Mail has always been a Big Thing on the Plains. We can be as independent as all get-out and we still love to get mail from the outside world. I get mail delivered right to the place three days a week, although that can be considerably reduced in the winter. So far I think the longest I have gone without mail is almost two weeks.
Where I live the folks used to have to go to the little settlement about five miles south of here and pick it up at the post office there. Some of the old folks tell about the "trip to town"— although it was never much a town at all: a little store with the tiny post office cubicle in the back was all there was. Well, that and quite a few trees. Usually they'd go on horseback, or send one of the kids on Old Joe along with a nickel for a bottle of soda. That place became a ghost-town fifty years ago, but a few of the buildings still stand. I pass it on the "new road" every time I go out for supplies.
An outing, that trip to the post office. And of course the anticipation that there might be something really good in the mail. I think it's that anticipation that makes going to the mail box and hunting distant cousins.
We call it "hunting" instead of "finding" because one is not always successful— if you define success in hunting as bringing home something for the larder. But the anticipation is a big part of the allure. The suspense of it. The patience it requires. And the dedication if the weather isn't cooperating. Anyone who has sat on a deer stand on a frosty 10° morning knows what I mean.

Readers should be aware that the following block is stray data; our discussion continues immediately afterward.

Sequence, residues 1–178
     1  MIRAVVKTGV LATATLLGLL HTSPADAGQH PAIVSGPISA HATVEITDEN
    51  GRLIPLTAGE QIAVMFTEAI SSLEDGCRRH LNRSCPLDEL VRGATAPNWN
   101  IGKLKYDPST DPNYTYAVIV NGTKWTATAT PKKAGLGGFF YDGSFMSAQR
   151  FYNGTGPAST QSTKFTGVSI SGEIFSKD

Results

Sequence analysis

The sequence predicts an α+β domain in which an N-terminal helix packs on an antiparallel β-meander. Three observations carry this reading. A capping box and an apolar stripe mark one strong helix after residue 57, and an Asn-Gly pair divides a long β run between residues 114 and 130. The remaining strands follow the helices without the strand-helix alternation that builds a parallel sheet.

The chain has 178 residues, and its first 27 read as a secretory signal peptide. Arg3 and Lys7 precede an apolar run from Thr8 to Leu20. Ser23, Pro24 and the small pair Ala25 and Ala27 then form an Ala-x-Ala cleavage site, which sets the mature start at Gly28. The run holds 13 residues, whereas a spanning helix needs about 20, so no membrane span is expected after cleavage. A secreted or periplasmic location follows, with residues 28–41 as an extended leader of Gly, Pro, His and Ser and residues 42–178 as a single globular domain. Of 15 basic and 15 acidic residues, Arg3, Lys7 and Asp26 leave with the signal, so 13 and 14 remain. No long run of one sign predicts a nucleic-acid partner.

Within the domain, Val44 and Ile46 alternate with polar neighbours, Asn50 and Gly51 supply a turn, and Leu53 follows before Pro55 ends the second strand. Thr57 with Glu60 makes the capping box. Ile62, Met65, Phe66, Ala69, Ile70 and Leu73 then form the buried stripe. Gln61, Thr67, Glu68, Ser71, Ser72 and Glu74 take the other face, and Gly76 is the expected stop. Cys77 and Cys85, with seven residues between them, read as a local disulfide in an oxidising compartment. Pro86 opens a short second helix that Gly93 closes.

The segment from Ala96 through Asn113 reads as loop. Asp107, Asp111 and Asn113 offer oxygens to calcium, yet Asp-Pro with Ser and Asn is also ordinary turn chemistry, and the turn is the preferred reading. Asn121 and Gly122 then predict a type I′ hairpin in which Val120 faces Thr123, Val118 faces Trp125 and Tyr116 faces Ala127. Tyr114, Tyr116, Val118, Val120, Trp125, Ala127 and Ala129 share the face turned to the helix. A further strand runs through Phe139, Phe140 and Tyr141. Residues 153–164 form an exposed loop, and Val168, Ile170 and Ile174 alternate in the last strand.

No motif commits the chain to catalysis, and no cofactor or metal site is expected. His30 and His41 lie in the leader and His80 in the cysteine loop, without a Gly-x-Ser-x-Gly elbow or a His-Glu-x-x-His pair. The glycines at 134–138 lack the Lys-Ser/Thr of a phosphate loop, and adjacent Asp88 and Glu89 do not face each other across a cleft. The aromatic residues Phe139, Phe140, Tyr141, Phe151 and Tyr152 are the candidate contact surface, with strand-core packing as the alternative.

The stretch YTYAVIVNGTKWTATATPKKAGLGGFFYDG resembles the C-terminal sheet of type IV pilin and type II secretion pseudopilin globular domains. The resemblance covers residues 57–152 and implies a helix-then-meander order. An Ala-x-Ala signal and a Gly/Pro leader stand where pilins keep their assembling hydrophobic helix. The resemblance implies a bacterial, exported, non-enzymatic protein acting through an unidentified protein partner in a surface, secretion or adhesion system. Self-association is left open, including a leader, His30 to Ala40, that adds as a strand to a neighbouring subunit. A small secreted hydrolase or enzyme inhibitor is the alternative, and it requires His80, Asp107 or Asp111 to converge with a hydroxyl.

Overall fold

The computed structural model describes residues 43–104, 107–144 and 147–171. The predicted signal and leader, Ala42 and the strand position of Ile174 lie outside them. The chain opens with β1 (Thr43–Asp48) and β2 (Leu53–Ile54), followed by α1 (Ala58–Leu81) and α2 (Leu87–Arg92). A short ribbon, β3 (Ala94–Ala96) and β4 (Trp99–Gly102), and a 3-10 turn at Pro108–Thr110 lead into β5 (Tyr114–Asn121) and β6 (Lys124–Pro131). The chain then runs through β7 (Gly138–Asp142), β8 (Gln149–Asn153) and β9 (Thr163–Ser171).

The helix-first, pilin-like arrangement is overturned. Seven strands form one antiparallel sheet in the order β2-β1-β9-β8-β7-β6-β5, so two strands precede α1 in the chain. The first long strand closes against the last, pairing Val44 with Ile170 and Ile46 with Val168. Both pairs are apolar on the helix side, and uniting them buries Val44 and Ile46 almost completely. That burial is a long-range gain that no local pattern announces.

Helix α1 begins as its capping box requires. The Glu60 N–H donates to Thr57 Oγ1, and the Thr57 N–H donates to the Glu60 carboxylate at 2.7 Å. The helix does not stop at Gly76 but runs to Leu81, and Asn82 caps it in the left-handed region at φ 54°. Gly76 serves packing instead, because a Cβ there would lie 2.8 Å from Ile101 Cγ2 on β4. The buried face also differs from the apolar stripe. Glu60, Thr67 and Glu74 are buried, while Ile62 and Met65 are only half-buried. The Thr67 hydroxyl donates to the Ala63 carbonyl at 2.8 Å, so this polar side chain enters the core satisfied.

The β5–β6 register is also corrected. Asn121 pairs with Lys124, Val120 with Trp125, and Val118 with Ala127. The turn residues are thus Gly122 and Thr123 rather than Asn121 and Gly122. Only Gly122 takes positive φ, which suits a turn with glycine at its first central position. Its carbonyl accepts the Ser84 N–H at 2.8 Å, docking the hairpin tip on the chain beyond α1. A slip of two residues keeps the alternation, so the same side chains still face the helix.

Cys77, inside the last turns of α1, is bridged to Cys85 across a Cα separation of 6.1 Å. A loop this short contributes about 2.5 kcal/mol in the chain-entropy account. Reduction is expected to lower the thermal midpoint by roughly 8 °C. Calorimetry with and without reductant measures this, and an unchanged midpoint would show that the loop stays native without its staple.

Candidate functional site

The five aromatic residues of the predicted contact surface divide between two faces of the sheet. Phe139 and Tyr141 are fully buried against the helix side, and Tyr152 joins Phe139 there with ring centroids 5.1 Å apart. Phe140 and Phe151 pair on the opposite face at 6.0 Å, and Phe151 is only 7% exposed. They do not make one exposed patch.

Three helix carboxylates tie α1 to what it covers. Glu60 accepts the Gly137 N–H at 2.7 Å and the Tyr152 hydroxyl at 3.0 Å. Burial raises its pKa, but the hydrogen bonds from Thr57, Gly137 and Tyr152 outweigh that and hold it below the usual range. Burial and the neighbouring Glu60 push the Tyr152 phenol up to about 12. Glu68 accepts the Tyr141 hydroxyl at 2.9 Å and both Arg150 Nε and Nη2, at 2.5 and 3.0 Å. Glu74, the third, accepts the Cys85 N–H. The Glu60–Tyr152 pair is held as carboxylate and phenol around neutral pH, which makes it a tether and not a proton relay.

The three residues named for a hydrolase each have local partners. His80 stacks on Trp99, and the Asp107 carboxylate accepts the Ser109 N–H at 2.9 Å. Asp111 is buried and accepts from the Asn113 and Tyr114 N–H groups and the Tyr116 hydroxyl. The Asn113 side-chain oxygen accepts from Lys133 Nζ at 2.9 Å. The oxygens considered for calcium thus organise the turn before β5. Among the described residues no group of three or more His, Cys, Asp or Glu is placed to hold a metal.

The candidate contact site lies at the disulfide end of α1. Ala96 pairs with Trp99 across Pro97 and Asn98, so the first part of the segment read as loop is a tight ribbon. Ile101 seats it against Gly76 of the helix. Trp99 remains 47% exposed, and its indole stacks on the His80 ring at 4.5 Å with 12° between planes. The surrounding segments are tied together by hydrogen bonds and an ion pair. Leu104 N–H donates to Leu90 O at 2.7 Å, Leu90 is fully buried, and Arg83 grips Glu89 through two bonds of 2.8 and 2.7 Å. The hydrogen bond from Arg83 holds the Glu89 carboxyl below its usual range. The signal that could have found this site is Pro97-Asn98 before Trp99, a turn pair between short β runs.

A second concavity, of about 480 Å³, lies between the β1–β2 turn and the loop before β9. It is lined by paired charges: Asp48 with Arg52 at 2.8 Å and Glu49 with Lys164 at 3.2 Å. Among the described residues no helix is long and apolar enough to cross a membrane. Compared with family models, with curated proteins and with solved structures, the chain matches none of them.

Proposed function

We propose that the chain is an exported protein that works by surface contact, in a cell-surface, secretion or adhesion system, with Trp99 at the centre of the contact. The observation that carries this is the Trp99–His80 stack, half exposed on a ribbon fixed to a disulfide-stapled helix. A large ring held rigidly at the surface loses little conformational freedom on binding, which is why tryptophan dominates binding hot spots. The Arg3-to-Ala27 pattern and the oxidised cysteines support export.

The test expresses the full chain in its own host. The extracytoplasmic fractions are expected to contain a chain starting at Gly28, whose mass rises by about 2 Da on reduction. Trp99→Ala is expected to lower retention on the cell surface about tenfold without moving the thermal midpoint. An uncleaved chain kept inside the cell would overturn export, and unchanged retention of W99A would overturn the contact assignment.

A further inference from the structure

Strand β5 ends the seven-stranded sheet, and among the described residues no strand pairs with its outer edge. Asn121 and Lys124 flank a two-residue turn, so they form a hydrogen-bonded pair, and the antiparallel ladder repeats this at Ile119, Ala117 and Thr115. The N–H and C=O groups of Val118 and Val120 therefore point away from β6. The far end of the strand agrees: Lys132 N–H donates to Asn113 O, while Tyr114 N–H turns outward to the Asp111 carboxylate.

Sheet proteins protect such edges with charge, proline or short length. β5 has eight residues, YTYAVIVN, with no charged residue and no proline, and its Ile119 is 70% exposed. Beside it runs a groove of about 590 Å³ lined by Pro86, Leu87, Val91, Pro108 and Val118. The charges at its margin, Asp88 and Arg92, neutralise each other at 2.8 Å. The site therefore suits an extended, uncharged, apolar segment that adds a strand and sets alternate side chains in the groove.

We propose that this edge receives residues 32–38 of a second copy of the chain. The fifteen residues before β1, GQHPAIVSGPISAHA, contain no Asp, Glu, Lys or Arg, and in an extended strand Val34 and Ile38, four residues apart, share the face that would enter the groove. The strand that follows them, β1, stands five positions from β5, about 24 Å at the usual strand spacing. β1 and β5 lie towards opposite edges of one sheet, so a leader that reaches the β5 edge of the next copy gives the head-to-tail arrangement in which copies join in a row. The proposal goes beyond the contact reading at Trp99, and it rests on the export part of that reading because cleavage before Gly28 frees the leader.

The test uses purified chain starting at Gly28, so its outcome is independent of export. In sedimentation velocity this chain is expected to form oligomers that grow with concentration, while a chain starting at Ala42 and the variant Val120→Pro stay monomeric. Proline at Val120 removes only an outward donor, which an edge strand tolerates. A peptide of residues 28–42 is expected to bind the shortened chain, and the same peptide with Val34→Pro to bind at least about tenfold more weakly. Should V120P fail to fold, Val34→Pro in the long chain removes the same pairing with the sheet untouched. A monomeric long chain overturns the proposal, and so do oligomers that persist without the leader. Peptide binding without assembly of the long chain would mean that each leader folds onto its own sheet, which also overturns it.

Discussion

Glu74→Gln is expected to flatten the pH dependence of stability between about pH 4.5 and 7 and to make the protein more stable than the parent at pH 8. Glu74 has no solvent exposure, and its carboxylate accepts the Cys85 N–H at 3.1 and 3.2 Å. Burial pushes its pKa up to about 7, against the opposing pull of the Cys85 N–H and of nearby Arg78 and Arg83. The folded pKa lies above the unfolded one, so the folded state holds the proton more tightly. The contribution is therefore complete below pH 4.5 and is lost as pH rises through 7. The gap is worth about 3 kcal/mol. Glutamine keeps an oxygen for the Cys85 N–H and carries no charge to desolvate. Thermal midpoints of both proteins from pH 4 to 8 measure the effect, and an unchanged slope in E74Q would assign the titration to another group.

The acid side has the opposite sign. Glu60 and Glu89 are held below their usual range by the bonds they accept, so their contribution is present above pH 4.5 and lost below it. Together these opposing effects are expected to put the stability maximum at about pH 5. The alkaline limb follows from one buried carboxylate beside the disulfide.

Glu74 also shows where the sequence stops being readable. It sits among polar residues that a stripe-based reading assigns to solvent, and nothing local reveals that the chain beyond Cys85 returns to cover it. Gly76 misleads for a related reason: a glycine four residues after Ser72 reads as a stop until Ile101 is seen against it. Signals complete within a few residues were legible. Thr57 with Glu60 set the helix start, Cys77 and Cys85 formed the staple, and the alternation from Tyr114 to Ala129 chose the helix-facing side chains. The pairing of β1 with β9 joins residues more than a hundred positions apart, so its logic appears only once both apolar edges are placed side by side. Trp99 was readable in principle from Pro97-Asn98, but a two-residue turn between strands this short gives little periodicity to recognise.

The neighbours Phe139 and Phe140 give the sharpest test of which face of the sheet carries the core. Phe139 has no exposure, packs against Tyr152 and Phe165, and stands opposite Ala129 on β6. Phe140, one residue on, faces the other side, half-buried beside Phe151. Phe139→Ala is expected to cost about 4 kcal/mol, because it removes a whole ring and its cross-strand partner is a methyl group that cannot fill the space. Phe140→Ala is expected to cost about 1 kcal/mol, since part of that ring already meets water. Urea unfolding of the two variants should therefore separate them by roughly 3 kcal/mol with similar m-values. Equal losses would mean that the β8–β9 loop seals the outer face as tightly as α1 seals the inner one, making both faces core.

There's always that sense of "just around the corner"— or over the next rise, across the next piece of woods, in the next ravine, or… whatever and wherever you happen to be hunting. That anticipatory thrill seems built into the human species, intertwined with our genes in some complex and indivisible way. And I guess since we are descended from hunter-gatherers it would also apply to finding a truffle under that next big oak root.
I always get a pretty big bundle of mail. (I save the rubber bands and send them back to the post office when they get to be too much for the possibles drawer in the kitchen.) A lot of what I get is the usual dreck from the Lords of Commerce reaching out to me to seduce me into sending them money for something I don't need. O, the trees!
But usually, in every packet I retrieve from my mailbox (an old nail keg with a home-crafted lid) there will be something worth walking out there to get. It might be a catalog I was vaguely hoping for, a magazine I enjoy and look forward to, a package maybe, or sometimes a note or card from a friend. Email hasn't replaced all forms of communication! Not yet at least.
It's Saturday. Yesterday was a holiday, so I will get my mail today. Maybe. Maybe not. We've had some more snow. He should make it. But there's a long way on poor roads between me and the post office. Will he, or won't he?